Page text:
The section of PA 670 north of PA 371 follows part of the alignment of the Belmont and Easton Turnpike, a turnpike that was chartered on March 15, 1812 to run along the North and South road between the Easton and Wilkes-Barre Turnpike in Northampton County and the community of Belmont in Mount Pleasant Township, Wayne County.[4][5] The turnpike was completed in 1819-1820. The Belmont and Easton Turnpike was used to transport cattle and sheep from Western New York to Easton and Philadelphia.[6] The turnpike saw heavy traffic in its early days but traffic would decline with the rise of the railroads and other roads. The southern portion of PA 670 was chartered as the Bethany and Honesdale Turnpike on March 25, 1831, connecting Bethany and Honesdale.[5]

When Pennsylvania first legislated routes in 1911, what is now PA 670 was not given a number.[7] In 1928,the present route between Honesdale and southeast of Pleasant Mount was an unnumbered paved road while the stretch southeast of and through Pleasant Mount was designated as part of PA 170.[8] PA 670 was designated by 1930 to run from PA 170 (now PA 371) in Pleasant Mount north to PA 370 in Orson. At this time, the route was under construction.[9] In the 1930s, PA 670 was extended southeast to PA 90 (now PA 191) north of Honesdale, replacing the stretch of PA 170 through Pleasant Mount. At this time, the entire length of the route was paved.[10]

Major intersections[edit]

The entire route is in Wayne County.

Location mi[1] km Destinations Notes
Honesdale 0.000 0.000 PA 191
Mount Pleasant Township 9.069 14.595 PA 247 (Creamton Road)
13.523 21.763 PA 170 south (Creek Road) Northern terminus of Route 170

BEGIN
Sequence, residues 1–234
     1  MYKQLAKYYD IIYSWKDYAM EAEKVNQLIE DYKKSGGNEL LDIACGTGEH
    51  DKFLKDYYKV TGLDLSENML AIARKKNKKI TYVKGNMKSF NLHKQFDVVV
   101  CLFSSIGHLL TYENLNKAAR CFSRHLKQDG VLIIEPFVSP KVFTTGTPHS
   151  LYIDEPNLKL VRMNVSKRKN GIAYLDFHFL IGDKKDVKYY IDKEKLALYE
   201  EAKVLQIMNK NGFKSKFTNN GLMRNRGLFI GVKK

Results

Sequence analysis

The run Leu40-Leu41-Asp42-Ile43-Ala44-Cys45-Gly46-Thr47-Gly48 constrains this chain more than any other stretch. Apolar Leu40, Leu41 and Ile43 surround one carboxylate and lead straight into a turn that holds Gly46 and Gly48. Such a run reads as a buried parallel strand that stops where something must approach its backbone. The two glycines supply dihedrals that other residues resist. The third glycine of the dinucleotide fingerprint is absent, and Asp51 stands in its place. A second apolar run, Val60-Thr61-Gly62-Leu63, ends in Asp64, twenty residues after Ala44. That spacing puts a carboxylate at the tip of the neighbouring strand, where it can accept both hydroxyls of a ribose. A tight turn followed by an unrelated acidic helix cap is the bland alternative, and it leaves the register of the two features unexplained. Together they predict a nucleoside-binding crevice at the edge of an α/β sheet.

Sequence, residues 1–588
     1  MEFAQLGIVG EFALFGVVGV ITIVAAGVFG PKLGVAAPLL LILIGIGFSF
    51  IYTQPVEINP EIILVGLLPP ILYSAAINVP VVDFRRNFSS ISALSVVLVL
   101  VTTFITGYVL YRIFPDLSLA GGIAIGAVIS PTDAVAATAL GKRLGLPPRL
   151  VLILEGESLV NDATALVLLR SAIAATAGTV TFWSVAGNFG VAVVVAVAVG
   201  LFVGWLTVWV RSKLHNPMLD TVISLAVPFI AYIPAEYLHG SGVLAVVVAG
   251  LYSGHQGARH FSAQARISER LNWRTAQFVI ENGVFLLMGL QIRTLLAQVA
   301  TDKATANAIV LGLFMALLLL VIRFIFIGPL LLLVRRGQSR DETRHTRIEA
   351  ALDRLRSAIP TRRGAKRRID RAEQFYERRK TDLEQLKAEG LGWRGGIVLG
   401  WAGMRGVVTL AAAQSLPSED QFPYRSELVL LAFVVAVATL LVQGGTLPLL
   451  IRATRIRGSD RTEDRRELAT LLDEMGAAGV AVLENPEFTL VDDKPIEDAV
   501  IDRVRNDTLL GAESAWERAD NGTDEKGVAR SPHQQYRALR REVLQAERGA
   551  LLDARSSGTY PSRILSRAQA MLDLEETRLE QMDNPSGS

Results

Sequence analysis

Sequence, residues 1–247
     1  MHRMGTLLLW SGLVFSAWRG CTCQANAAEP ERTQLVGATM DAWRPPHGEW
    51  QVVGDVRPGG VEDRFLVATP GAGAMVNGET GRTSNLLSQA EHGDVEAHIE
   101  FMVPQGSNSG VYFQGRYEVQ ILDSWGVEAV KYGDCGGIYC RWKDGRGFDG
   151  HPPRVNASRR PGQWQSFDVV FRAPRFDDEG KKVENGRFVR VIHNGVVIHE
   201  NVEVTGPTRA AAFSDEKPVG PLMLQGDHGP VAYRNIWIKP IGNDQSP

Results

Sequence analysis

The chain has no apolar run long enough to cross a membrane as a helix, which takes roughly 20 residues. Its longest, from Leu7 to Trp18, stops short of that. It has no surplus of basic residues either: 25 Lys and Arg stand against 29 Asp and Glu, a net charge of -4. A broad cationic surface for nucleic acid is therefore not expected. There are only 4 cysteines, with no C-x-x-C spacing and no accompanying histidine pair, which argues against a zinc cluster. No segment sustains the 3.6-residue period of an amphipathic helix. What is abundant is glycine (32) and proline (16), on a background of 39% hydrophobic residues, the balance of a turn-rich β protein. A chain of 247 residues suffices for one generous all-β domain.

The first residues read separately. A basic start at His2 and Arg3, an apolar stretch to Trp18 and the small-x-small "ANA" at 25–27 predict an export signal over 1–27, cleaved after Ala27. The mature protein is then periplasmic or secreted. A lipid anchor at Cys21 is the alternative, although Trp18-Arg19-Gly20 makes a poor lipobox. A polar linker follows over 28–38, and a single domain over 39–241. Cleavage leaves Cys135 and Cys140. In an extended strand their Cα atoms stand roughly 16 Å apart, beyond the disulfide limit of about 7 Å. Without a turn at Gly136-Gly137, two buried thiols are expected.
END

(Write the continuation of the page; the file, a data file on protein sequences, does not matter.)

14.839 23.881 PA 371 east (Great Bend Turnpike) Southern end of concurrency with Route 371
16.008 25.762 PA 371 west Northern end of concurrency with Route 371
Preston Township 21.264 34.221 PA 370 (Crosstown Highway)
1.000 mi = 1.609 km; 1.000 km = 0.621 mi

See also[edit]


  1. ^ a b Bureau of Maintenance and Operations (January 2015). Roadway Management System Straight Line Diagrams (Report) (2015 ed.). Pennsylvania Department of Transportation. Retrieved June 30, 2015. 
  2. ^ Google (December 7, 2011). "overview of Pennsylvania Route 670" (Map). Google Maps. Google. Retrieved December 7, 2011. 
  3. ^ Wayne County, Pennsylvania Highway Map (PDF) (Map). PennDOT. 2011. Retrieved December 7, 2011. 
  4. ^ Hazzard, Samuel (1829). The Register of Pennsylvania. 3. Philadelphia: W.F. Geddes. p. 137. Retrieved October 18, 2015. 
  5. ^ a b Mathews, Alfred (1886). History of Wayne, Pike, and Monroe Counties, Pennsylvania. Philadelphia: R.T. Peck & Company. p. 223. Retrieved October 18, 2015. 
  6. ^ Goodrich, Phineas G. (1880). History of Wayne County, [Pa.]. Honesdale, PA: Haines & Beardsley. p. 171. Retrieved October 18, 2015. 
  7. ^ Map of Pennsylvania Showing State Highways (PDF) (Map). Pennsylvania Department of Highways. 1911. Retrieved January 1, 2014. 
  8. ^ Map of Pennsylvania (Map). Pennsylvania Department of Highways. 1928. Retrieved May 7, 2015. 
  9. ^ Tourist Map of Pennsylvania (PDF) (Map). Pennsylvania Department of Highways. 1930. Retrieved June 24, 2010. 
  10. ^ Official Road Map of Pennsylvania (PDF) (Map). Pennsylvania Department of Highways. 1940. Retrieved December 16, 2014. 

External links[edit]

Route map: Google

KML is from Wikidata
  • Kitsko, Jeffrey J. (2011). "PA 670". Pennsylvania Highways. pp. 651–700.